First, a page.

What is Property Risk and How to Mitigate it?
Aug 04, 2017
Understanding the risks associated with a property purchase should be a key task for any investor.
The major financial risks associated with purchasing a property are:
- Equity Risk;
- Cash Flow Risk; and
- Settlement Risk.
Equity risk is the risk that the property price may reduce, or the property may deliver poor capital growth. The reasons for that are: the location of the property; the type, configuration and the quality of the property, and the holding period of the property (typically the shorter the period, the higher the risk of a short-term loses).
We often hear that ‘there isn’t any impact, as eventually, in 10 years this property will deliver a good capital growth’. This is a common mistake. The overall capital growth of a property carrying low risk delivering solid capital growth, is significantly higher than a property that carrying higher risk delivering low capital growth.
Let’s compare two properties. The first carries low risk and delivers consistently good capital growth. The other delivers poor capital growth only in the first few years.
While the market value of these properties was identical, after 5 years the gap was 23%, reflecting a price difference of more than $100,000. Even if, from year 6, the capital growth (in %) was the same for both properties, after 10 years, the gap would still be approximately $140,000. This gap is, effectively irreversible, and will only increase in the following years.
Overall, the net equity of property one is about twice as the net equity of property two (under the assumption of a 10% deposit)
Cash Flow Risk
The actual rental return may be poor and the landlord must therefore cover the shortfall between the rental income and the ongoing costs.
Put simply, properties carrying low cash flow risk are highly competitive among tenants, and are therefore unlikely to remain vacant for long periods of time. On top of that, tenants tend to stay in these properties for longer periods of time, subsequently reducing the costs associated with the property. These costs include ‘letting fees’ and other small improvements that are often needed when a property is up for rent.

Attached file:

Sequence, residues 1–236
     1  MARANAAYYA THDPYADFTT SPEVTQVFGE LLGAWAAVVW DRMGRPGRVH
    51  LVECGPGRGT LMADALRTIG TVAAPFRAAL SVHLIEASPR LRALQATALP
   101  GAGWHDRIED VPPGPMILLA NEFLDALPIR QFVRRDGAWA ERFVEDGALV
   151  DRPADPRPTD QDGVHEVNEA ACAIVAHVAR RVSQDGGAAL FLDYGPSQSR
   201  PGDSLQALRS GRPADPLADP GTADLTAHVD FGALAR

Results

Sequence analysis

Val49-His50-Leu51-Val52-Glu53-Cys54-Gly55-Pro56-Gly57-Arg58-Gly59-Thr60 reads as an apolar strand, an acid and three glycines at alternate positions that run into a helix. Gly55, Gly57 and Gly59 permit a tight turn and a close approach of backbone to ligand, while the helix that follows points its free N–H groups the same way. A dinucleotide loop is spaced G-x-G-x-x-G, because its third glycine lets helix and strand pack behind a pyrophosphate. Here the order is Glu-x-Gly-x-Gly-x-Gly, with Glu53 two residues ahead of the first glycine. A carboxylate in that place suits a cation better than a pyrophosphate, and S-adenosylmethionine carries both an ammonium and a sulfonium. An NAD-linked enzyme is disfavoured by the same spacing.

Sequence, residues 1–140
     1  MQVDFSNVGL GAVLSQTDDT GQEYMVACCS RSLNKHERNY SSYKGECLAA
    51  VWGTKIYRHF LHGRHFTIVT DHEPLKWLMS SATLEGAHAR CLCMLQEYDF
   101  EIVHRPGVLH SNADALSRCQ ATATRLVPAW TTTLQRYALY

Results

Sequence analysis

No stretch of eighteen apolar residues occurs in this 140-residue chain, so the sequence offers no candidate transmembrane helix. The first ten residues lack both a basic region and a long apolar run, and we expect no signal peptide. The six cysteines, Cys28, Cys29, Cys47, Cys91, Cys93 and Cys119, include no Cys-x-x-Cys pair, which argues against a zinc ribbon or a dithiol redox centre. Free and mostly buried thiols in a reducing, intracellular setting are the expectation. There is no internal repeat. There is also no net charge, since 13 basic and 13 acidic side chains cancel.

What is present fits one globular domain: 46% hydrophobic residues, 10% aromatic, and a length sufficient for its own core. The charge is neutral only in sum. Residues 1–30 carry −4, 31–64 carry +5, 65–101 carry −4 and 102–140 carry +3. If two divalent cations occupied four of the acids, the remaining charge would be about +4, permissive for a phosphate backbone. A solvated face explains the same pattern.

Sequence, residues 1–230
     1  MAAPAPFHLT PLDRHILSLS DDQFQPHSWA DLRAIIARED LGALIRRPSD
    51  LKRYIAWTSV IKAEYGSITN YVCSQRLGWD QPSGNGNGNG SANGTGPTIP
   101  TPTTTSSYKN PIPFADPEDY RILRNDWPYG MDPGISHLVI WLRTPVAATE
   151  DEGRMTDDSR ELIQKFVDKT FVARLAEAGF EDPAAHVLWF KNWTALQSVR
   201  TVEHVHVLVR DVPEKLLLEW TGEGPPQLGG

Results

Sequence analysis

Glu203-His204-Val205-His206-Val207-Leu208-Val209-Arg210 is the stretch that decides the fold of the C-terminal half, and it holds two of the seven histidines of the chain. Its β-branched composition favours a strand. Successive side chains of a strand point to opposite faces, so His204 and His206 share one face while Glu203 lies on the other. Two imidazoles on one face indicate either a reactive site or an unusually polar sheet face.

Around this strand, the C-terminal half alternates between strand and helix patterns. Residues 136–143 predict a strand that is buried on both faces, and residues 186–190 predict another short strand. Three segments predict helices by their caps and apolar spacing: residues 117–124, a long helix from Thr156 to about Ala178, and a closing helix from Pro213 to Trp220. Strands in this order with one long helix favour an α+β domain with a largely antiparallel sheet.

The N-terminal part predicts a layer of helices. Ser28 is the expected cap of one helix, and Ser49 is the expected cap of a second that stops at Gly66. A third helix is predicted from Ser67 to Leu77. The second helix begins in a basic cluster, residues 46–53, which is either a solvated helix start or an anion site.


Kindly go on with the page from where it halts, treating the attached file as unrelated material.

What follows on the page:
To demonstrate, let’s compare two properties, both with identical market value. However, one carries low cash flow risk, appeals to a large audience, and delivers 4% gross annual growth. The other carries medium risk, as it appeals to a smaller audience and therefore delivers 3.8% rental return. It also takes a longer period to find tenants for that property and they tend to stay for shorter periods of time.
While the gap doesn’t appear significant, the investor who purchased the higher risk property, lost about a year’s worth of rent over 10-year period.
Settlement Risk (for Off-the-Plan Properties)
Settlement risk is the risk that the value of the property prior to the settlement will be lower than the ‘formal’ property value in the contract. According to recent research, the valuation of around 50% of units is some areas is lower than the contract value. This results in a shortfall between the valuation and the property price, which needs to be covered by the buyer.
The numerical example is similar to the one that relates to equity risk, with two major differences:
- The value of the property prior to the settlement might be significantly lower than the ‘formal’ contract value and the buyer will be required to cover the shortfall; and
- The losses can be significantly higher and have an impact for a longer period.
Overall, the net equity of property one is about three times as the net equity of property two (under the assumption of 10% deposit).